The Diablo was presented to the public for sale on January 21, 1990, at a base price of $240,000 at the Hotel de Paris in Monte Carlo during the second Lamborghini Day.Power came from a 5,709 cc (348 cu in), 48-valve version of the existing Lamborghini V12 featuring dual overhead cams and computer-controlled multi-point fuel injection, producing a maximum output of 499 PS (367 kW; 492 hp) and 580 N·m (428 lb·ft) of torque. The vehicle could reach 100 km/h (62 mph) in slightly under 4 seconds, with a top speed of over 333 km/h (207 mph). The Diablo was rear-wheel drive and the engine was mid-mounted to aid its weight balance.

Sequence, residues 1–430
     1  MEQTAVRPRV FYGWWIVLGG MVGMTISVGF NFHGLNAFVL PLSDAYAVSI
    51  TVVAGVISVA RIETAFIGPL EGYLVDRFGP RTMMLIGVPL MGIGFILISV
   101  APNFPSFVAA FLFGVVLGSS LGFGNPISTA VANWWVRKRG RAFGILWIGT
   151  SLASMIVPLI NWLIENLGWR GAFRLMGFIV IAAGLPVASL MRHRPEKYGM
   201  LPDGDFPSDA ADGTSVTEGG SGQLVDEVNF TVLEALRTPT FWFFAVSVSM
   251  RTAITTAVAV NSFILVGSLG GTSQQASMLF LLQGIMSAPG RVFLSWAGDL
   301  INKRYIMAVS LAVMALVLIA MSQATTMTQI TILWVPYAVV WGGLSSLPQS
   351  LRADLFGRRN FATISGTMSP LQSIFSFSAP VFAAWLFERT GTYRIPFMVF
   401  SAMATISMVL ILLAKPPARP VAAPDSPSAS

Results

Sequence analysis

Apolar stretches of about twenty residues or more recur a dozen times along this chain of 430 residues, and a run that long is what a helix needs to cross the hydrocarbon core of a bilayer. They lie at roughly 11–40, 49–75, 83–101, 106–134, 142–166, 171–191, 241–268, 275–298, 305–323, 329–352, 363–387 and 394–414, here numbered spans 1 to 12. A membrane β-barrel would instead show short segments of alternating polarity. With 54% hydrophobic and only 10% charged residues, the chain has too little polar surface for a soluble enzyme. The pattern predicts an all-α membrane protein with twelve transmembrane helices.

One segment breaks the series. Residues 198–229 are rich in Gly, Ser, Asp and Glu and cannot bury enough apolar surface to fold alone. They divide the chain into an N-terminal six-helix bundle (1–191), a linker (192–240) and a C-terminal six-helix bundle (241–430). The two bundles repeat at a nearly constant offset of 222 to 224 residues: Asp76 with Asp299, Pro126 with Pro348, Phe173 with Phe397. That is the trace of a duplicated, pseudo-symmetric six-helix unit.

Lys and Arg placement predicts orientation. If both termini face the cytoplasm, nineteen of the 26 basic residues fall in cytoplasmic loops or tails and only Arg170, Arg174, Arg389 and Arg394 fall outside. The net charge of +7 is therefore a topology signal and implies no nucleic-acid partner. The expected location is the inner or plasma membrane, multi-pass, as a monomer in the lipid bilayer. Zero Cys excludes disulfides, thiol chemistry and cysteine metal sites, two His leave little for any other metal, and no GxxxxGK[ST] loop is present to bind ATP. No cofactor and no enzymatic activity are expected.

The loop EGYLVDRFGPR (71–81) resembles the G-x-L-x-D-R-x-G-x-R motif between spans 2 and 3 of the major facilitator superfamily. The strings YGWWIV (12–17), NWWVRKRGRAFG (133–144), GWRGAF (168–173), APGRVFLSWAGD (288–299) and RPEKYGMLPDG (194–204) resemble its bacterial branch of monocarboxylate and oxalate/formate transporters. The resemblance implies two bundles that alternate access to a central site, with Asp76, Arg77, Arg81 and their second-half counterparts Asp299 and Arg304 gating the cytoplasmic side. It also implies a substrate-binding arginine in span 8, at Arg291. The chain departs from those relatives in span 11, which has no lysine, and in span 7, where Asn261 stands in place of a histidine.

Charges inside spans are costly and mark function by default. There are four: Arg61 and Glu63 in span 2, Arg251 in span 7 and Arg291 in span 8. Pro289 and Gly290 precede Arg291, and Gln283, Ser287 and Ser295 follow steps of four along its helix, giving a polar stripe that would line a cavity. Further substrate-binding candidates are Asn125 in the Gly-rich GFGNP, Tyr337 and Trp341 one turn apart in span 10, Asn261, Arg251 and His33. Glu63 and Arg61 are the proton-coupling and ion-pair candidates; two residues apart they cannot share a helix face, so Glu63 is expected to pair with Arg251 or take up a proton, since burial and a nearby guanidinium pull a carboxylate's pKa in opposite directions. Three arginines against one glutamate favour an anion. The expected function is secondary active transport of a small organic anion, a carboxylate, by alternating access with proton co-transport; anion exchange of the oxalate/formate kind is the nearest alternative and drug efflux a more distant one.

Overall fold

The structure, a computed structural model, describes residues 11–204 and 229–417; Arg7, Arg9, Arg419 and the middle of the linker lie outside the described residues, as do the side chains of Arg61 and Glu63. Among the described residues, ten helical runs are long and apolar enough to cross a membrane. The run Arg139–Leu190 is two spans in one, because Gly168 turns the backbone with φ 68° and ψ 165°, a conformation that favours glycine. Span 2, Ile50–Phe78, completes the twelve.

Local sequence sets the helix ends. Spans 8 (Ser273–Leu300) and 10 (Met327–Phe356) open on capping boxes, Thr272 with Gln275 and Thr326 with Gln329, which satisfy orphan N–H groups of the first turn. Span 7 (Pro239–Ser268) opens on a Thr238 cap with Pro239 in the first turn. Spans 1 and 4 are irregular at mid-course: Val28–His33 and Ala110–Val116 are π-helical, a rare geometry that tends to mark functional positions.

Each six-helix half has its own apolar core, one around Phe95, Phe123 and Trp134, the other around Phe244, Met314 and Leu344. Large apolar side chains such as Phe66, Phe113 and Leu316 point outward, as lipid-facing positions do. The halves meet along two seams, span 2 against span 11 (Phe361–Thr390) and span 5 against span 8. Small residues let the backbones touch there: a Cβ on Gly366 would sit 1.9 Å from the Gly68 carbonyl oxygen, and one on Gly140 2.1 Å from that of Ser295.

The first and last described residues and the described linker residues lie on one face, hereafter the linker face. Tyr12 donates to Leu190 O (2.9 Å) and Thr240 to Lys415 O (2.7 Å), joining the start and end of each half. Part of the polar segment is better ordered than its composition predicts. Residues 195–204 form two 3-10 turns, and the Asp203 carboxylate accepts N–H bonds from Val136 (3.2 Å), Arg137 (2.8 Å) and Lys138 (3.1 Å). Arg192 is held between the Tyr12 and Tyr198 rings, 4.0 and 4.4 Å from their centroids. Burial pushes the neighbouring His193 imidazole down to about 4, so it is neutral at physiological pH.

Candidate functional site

The Diablo came better equipped than the Countach had; standard features included fully adjustable seats and steering wheel, electric windows, an Alpine stereo system, and power steering. Anti-lock brakes were not initially available, although they would eventually be used. A few options were available, including a custom-molded driver's seat, remote CD changer and subwoofer, rear spoiler, factory fitted luggage set (priced at $2,600) and an exclusive Breguet clock for the dash (priced at $10,500). The Diablo was the fastest production car in the world for the 1991 model year, having a top speed of 333 km/h (207 mph), which exceeded the 324 km/h (201 mph) of the previous title-holder, the Ferrari F40. The Diablo held the title until the release of the Bugatti EB110 in 1991, which claimed a top speed of 343 km/h (213 mph).

Feel free to check the rest of the site. There are plenty of articles and pics to enjoy. Thanx for the visit!